Wed, 18 May 2011
Michael A. Stackpole (New York Times best selling author) is today's featured guest.
Topics: why print publishing is now in a severe crisis; how some literary agents have taken on a conflict of interest in their attempt to help their clients benefit from electronic rights; how the big book publishers will no longer publish any physical book if they can't get the far more lucrative electronic rights; when it is to an author's advantage to skip having physical books made at all, and just go with the more profitable ebooks; how much his agent gets from his ebooks; and his warning for writers about ridiculously bad ebook deals. He also gives book cover tips, and describes the Zapptek Legend Maker.
Hosted by Stephen Euin Cobb, this is the May 18, 2011 episode of The Future And You. [Running time: 33 minutes].
Michael A. Stackpole is a science fiction and fantasy author best known for his Star Wars and Battletech books. Begining in 1977, he worked as a designer of role-playing games for various gaming companies. In the 1980s he began designing computer games for Coleco and Interplay Productions, such as Bard's Tale III, Wasteland, Star Trek: 25th Anniversary and Star Trek: Judgment Rites. He also created the role-playing game Mercenaries, Spies and Private Eyes, which provided the game mechanics for Wasteland. In 1987 he began writing novels set in the BattleTech universe, and became one of the most popular authors in that genre. He was then selected to write a number of novels in the Star Wars universe. He is also a popular pocaster, essayist, speaker and has an asteroid named after him.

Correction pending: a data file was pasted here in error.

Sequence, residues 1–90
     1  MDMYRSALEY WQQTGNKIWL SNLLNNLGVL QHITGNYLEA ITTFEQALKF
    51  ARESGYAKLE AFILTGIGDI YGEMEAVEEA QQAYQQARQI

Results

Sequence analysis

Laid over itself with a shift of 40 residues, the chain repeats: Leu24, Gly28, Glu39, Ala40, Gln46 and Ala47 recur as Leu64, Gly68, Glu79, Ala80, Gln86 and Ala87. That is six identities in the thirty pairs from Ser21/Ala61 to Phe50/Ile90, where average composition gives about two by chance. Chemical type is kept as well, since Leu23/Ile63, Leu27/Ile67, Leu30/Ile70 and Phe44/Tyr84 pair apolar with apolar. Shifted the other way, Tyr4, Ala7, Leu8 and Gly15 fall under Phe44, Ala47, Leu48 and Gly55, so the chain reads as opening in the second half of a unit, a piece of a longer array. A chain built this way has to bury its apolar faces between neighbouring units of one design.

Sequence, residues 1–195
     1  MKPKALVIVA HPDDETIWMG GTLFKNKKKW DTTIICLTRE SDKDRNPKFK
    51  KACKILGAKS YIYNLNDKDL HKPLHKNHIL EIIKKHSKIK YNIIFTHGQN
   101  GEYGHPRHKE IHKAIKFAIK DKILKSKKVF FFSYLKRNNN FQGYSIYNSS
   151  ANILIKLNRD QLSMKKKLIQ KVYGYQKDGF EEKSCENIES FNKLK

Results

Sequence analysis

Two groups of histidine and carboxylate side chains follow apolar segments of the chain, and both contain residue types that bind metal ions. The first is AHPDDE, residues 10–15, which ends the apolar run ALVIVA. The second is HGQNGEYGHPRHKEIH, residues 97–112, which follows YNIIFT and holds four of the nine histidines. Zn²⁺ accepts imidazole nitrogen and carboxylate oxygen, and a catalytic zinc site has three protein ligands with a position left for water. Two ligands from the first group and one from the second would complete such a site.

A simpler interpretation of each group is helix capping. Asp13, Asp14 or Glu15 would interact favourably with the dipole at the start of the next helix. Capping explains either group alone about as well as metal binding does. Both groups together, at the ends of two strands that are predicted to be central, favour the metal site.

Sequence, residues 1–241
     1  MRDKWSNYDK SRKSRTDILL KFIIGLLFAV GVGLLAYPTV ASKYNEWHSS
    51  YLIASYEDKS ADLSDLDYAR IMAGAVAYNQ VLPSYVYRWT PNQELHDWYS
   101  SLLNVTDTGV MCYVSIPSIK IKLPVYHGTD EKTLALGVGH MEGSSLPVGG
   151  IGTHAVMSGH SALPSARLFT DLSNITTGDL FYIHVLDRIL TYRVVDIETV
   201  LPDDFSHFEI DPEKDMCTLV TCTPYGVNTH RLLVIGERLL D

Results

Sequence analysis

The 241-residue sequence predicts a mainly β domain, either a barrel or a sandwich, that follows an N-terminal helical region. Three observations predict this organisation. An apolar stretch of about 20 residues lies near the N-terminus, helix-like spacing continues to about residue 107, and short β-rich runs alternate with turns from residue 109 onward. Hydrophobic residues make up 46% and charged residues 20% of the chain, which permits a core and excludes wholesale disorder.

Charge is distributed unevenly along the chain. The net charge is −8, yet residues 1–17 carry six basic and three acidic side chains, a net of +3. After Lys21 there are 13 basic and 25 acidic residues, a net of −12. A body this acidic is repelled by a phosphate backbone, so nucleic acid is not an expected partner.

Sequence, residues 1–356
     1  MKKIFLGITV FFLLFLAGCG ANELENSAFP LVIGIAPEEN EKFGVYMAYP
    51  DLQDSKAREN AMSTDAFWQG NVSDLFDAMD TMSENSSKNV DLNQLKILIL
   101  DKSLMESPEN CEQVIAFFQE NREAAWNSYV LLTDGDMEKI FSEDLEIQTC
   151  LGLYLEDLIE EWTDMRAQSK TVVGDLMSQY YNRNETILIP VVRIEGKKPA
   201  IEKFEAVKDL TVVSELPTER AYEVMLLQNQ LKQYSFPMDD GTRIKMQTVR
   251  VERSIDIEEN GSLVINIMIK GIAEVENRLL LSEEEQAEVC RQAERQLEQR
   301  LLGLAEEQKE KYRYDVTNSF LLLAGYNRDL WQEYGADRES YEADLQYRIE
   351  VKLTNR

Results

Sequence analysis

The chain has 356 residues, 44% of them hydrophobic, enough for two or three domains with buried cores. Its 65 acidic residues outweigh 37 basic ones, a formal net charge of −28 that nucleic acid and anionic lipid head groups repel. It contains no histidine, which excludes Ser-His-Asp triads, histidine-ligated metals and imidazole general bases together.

Special Announcement: The 200th episode of The Future And You is only one week away. To commemorate this milestone I (your host) am asking every listener who will, to sit down and email me something I can read into the 200th episode.
You can also email to me (as an attachment) an audio file. This will be less work for me since I can just drop it into the show, and it will let everyone hear you speaking in your own voice. If you do send an audio file as an attachment, please keep it short--no more than two minutes.
Please send me: your prediction of what is to come in the future; or a trend you have observed which you think others have missed; or your assessment of what is good or bad about this show; or your notion of who was the best interview I've ever recorded and why. Or send me something I wouldn't even think to ask for, but you are certain everyone would like to know.
Send it soon, because I start production of each episode several days before it goes public. If you send it later than May 21, 2011 it might not be included. Send all these emails to: email@example.com Or you can message me through my facebook account.